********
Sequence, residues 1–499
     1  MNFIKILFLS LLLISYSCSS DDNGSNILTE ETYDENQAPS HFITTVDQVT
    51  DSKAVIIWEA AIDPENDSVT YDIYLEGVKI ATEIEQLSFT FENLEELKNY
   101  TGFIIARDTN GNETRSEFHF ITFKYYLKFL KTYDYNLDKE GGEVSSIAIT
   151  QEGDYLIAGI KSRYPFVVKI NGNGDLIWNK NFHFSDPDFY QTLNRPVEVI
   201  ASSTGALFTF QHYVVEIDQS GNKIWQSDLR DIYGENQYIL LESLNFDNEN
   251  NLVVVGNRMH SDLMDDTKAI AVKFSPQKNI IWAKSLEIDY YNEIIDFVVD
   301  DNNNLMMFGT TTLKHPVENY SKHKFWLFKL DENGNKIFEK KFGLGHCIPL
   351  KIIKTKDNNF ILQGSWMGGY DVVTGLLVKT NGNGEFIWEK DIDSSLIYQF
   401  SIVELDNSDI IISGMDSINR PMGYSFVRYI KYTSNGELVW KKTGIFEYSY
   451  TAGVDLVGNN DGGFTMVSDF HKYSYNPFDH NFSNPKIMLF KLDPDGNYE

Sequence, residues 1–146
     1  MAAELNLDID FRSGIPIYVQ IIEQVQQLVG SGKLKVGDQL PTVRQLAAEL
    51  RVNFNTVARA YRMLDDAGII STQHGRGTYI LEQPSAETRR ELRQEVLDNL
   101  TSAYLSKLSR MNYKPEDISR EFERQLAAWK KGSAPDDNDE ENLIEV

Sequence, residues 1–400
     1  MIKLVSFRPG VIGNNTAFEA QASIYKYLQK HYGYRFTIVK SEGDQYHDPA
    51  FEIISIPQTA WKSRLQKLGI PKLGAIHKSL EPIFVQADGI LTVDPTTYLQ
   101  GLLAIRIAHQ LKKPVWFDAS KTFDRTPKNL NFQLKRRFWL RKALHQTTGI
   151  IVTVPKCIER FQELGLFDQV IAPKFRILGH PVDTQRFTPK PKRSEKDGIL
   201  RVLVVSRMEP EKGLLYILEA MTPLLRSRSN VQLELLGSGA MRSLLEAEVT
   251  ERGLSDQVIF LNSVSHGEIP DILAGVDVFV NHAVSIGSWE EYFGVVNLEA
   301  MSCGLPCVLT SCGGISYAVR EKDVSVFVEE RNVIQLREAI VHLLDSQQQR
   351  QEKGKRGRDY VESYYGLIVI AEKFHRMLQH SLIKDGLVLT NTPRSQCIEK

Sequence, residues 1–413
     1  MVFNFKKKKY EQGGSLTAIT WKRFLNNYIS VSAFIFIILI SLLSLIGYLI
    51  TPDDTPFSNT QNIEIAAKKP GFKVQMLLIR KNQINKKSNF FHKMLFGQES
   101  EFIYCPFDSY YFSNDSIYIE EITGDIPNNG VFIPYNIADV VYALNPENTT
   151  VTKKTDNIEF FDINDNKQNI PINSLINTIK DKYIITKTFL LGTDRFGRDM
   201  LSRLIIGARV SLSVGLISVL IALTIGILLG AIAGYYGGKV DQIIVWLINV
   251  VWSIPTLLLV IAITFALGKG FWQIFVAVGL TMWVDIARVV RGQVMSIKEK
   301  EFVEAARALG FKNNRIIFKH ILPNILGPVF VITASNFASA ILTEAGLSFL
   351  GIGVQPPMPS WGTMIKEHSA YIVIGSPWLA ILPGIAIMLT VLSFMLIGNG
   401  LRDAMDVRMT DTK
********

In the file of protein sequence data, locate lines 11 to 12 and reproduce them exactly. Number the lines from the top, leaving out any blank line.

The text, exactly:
   451  TAGVDLVGNN DGGFTMVSDF HKYSYNPFDH NFSNPKIMLF KLDPDGNYE

Sequence, residues 1–146